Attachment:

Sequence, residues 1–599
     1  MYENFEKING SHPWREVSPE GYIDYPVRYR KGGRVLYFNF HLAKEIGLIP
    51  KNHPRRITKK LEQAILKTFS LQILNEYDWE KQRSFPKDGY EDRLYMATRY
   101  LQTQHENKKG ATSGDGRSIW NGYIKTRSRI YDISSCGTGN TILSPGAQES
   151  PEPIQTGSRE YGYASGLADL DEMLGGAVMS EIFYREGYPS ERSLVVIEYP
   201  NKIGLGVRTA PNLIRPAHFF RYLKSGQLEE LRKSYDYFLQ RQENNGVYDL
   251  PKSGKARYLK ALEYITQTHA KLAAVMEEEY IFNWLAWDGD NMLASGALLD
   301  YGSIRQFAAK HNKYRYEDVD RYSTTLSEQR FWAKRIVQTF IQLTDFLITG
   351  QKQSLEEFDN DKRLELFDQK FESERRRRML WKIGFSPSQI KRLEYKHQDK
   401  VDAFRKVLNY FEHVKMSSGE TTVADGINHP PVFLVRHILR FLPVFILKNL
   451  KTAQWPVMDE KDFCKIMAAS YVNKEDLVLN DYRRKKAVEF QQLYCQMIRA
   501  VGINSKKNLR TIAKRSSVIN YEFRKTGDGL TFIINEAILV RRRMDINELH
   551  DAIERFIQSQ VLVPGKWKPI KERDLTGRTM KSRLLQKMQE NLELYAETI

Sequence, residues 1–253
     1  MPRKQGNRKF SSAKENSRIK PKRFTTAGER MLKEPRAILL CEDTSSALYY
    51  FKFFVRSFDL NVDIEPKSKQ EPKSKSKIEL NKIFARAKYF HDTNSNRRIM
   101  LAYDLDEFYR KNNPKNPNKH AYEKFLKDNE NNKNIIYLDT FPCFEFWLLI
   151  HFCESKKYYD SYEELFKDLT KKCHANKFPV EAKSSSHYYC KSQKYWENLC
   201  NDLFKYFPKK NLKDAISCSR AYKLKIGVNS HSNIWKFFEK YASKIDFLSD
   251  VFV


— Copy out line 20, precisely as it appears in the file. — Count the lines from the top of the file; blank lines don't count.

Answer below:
   251  VFV